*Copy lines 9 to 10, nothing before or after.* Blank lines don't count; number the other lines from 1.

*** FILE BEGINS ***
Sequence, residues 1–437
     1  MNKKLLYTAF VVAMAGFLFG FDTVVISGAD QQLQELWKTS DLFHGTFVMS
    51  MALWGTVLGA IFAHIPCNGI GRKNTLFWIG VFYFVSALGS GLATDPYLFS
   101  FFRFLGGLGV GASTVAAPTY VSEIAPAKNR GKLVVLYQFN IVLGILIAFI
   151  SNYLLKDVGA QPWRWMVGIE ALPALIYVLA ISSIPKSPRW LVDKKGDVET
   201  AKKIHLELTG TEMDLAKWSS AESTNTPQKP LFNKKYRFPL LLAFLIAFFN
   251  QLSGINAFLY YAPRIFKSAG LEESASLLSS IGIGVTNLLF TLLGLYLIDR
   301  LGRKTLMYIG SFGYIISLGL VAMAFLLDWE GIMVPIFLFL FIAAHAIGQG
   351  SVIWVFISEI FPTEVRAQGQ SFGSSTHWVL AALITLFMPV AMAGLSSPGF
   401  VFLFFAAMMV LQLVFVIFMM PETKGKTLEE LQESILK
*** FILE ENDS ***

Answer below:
   351  SVIWVFISEI FPTEVRAQGQ SFGSSTHWVL AALITLFMPV AMAGLSSPGF
   401  VFLFFAAMMV LQLVFVIFMM PETKGKTLEE LQESILK